Big Ben's tower renamed Elizabeth Tower in honour of Queen
The clock tower widely known as Big Ben is to be renamed the Elizabeth Tower in honour of the Queen, the House of Commons has confirmed.
It follows a campaign, backed by most MPs and the three main party leaders, to rename the tower in recognition of the Queen's 60 year reign.
At present the famous central London landmark is described by the Palace of Westminster as the Clock Tower.
The House of Commons authorities have now agreed the change.
Conservative MP Tobias Ellwood originally proposed the idea an early day motion which was backed by 40 MPs.
The motion called on the House of Commons Commission to consider the change "in recognition of Her Majesty's 60 years of unbroken public service on behalf of her country".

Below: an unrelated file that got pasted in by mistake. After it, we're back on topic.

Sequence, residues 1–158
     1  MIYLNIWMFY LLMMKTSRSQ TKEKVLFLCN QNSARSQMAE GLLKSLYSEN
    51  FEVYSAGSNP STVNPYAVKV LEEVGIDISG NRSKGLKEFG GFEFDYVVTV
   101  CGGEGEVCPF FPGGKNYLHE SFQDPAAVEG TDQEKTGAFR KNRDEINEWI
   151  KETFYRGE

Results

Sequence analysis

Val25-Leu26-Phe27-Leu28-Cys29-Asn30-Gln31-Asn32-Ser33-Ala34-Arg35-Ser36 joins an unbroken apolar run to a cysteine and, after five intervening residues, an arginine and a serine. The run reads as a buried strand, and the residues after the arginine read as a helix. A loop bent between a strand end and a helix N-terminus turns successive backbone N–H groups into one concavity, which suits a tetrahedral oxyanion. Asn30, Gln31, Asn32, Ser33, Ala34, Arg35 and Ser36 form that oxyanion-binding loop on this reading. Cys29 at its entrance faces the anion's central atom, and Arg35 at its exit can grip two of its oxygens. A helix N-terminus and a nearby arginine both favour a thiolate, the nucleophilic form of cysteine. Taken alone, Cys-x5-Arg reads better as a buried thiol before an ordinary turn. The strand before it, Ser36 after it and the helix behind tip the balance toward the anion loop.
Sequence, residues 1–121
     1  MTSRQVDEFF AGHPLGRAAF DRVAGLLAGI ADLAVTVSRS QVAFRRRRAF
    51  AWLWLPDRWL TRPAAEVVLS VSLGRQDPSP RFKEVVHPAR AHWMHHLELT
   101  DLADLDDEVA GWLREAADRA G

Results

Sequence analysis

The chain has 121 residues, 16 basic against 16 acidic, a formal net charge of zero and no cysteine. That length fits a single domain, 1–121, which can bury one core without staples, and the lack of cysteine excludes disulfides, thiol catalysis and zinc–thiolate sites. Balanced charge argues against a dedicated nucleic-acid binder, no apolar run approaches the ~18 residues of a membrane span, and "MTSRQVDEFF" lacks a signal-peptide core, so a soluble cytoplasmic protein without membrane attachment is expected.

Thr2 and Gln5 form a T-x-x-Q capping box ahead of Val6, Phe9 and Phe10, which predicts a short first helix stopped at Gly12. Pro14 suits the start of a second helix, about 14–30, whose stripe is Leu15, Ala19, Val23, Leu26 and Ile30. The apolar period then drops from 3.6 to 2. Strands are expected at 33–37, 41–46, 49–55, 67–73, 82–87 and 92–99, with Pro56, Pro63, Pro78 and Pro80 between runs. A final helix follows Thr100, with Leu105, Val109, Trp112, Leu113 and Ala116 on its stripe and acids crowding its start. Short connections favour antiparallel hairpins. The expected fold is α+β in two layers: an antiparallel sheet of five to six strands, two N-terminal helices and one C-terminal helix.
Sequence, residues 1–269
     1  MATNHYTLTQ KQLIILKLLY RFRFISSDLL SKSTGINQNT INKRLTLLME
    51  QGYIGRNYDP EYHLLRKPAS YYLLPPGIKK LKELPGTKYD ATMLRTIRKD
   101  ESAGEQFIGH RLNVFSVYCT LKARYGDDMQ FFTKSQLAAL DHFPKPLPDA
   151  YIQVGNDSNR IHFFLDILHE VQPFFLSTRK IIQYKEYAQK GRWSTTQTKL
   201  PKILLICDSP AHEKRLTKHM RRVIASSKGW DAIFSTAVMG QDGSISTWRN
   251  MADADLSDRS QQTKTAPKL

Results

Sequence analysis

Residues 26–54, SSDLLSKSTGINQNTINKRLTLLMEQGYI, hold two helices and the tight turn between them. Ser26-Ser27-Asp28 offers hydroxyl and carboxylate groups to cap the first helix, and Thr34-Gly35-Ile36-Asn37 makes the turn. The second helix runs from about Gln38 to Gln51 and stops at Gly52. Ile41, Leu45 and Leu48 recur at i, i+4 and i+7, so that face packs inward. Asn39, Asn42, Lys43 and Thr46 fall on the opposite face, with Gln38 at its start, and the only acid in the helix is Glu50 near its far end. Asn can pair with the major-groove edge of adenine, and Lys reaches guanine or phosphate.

A subsequent letter of support circulated by Mr Ellwood received the backing of more than half of MPs, including David Cameron, Nick Clegg and Ed Miliband.
The prime minister and the Labour leader have both previously described the move as a "fitting tribute" to the Queen.
The House of Commons Commission said it welcomed the proposal to rename the tower and "will arrange for this decision to be implemented in an appropriate manner in due course".
This is not the first time a part of the Palace of Westminster has been renamed in honour of a monarch.
When the Palace was rebuilt in 1860, the west tower, then known as the King's Tower, was renamed the Victoria Tower to commemorate the long reign of Queen Victoria.
She is the only other monarch to complete 60 years on the throne.
The Big Ben nickname originally referred to the 13.5 tonne Great Bell within the tower, but has long been the commonly used name for the clock and tower as a whole.